In her debut collection, Sarah Ens pulls the reader into a very contemporary world grounded in the natural but wonderfully tuned to the metaphysical. The book’s first section evokes a prairie girlhood of fields and silos, and games that signal dawning awareness of both intimacy and mortality: “we tore mittens thundering / up icy bark” (“Always Trees with the Almighty”). Through the eyes of Ens’ speaker, abuses come to light, and we begin to feel the pressures young women face: “desperately wanting to dig it even deeper” (“Straddled”).
From there, the poems open into a wider world, still “mostly sky” but also diving deep into the ocean or ranging to an island off New Zealand where a gannet falls in love with an artificial bird and, despite the speaker being “warned against / anthropomorphizing,” she wants the reader to “see it too” (“Early February & He Built Her a Nest”). Ens evokes the highs and lows of relationships such as an ex’s remembered tenderness: “the roof of his arms / leaning me through / those carpeted rooms” (“When Cohen Dies”). Interwoven with embodied images are riffs on films of Alfred Hitchcock and Marilyn Monroe, on Leonard Cohen, Gregorian chants and Greek myths. Emily Bronte (and possibly Kate Bush) are echoed in “Wuthering Heights: A Comprehensive Guide,” one of several multi-part poems in the collection, and for me among the most lyrically and sonically memorable. In it, “the body” interacts with a “you” in nature and in domestic and city settings: “At a bar, a band / plays so the body / leans into you & likes the feeling, / flannel at its neck.”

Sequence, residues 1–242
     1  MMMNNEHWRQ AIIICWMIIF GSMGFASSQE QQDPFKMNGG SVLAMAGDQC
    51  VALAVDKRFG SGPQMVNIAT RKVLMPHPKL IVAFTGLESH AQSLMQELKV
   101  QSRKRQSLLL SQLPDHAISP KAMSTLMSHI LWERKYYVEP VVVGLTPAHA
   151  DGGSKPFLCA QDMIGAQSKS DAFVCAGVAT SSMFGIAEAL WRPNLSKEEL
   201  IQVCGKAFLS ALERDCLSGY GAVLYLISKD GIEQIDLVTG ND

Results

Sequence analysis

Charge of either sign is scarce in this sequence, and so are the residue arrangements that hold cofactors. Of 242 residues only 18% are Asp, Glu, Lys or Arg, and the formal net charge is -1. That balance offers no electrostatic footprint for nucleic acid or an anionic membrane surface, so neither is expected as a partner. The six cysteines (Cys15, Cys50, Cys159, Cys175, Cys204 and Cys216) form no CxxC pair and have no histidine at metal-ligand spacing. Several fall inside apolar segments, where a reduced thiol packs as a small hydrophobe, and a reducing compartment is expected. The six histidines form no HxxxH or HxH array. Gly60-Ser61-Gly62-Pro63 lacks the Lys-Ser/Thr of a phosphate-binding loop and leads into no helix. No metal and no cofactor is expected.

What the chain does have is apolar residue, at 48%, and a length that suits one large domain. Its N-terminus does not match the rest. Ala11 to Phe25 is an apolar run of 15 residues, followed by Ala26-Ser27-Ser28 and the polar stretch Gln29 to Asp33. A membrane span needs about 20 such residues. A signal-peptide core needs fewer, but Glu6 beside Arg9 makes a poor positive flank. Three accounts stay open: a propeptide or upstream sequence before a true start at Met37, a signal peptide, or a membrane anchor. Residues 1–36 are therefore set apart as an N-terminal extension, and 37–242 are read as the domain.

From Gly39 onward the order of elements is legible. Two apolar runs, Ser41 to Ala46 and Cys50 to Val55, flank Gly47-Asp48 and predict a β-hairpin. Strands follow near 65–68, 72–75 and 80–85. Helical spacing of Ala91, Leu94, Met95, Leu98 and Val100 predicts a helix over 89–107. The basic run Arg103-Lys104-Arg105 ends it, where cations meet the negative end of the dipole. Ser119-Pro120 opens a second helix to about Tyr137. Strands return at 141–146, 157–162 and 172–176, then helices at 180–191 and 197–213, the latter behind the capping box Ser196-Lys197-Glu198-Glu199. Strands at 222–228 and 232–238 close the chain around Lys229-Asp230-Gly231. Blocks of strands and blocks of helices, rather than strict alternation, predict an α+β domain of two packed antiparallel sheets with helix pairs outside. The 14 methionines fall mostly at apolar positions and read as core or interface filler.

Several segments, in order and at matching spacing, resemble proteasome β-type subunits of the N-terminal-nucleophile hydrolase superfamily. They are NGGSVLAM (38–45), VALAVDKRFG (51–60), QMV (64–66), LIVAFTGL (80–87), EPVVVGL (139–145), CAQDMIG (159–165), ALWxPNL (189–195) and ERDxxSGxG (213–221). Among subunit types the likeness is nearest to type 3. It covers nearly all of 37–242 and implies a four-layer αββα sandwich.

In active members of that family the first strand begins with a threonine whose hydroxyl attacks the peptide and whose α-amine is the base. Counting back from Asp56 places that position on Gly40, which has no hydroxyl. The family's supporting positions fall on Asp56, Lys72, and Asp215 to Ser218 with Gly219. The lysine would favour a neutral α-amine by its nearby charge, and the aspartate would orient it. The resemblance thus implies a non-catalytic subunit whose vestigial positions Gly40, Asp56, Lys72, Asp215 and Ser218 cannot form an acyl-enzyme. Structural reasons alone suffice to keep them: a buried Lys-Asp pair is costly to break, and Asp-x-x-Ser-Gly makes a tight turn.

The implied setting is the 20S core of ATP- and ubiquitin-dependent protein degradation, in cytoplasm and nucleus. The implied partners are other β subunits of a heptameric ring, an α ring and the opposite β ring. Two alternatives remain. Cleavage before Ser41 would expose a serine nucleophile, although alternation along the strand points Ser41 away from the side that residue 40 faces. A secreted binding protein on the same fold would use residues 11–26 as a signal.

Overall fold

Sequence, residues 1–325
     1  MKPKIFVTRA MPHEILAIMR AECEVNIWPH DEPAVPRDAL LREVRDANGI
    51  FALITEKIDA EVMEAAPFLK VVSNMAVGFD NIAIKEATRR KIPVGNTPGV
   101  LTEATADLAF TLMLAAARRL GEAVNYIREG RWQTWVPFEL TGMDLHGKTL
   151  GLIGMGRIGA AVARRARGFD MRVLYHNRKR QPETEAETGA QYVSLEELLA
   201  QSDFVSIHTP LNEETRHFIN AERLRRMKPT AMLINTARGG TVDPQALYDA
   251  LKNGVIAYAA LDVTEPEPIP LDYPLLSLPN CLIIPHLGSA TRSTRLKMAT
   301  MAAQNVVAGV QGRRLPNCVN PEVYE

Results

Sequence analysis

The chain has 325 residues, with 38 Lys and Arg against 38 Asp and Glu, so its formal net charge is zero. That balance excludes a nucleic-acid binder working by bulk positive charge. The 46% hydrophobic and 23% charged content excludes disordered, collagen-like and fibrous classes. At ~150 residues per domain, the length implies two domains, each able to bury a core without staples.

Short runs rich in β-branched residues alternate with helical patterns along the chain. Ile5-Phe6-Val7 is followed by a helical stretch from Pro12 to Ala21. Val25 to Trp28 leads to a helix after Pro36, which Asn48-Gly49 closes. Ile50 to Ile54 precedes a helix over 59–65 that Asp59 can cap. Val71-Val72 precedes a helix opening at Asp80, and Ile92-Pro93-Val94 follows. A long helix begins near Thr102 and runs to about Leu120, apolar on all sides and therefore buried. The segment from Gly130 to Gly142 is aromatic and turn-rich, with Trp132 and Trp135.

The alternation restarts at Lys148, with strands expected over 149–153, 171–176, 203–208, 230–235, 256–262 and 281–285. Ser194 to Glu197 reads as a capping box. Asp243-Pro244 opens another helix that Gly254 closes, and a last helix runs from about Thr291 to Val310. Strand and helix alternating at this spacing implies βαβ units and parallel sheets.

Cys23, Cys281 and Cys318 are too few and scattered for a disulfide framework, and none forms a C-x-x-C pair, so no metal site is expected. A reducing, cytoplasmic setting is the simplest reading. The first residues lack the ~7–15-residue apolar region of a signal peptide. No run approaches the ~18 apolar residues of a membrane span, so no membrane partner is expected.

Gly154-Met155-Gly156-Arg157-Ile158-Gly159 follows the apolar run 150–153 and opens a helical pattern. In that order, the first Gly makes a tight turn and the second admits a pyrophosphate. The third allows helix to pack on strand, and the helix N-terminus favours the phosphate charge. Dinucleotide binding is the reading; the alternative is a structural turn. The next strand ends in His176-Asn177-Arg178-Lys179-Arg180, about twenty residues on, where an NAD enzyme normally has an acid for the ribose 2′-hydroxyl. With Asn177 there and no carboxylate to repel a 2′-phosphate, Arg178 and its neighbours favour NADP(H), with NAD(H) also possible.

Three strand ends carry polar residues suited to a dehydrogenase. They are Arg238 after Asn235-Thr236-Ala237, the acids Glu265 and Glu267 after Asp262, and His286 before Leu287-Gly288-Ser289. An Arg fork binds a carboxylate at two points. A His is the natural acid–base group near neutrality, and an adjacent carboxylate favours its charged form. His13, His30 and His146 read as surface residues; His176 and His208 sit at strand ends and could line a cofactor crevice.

Friendships, particularly women’s friendships with elements of ritual, feature throughout, especially in the third section. For sympathy and support “I put a wet washcloth on her forehead, / fed her milk chocolate from a china plate” (“A Boat Is Not the Whole World”). Exuberantly adventuring in “Powerful Millennials on the California Freeway,” the speaker and her friend are “waving iced coffees / to the sun” in invocation. There are girlhood rituals in the poem “The Sacredness of Sleepovers” where “we filled / our mouths with ancient magics, spoke / our scriptures in candy-fuzz tongues.” Later in life, the augury might involve astrology, crystals or the ashes of a friend’s hair “caught // on fire at a Gastown bar” that permit the speaker “to blow her DNA out around us like snow, like / we were always meant to lose these small parts” (“This Bridge Symbolizes Hope”). In “Something Good,” originally published in Arc’s 2016 “Art in the End Times” issue, existential questions pass in a phone call as the speaker does yoga “phone screen-down and pulsing” while “snow cracks white against the window’s dark mouth” and the world ends amid artifacts of the everyday.
A large cast of women—sister, cousin, sister-in-law and many identified by name—coalesces to a “we” in “Communion.” In this poem, rituals with cats’ claws and dead birds, hair-dying and kombucha making, are talismans against “crouched & confessing” figures who haunt sleep. Sitting on the floor, drinking red wine out of mother-crafted mugs, “We tell each other some of what has happened to us. Something has happened to all of us, our telling teaching us this. It helps to say it happened, to do this in remembrance. It helps to say: this body, this blood. To say: me too, me too.”
In The World is Mostly Sky, Ens gives us rite and sacrament, space to spread wings, expanses to “measure us / immense” (“Astronomical”). The world of sky is one that is breathtaking, and heartrending.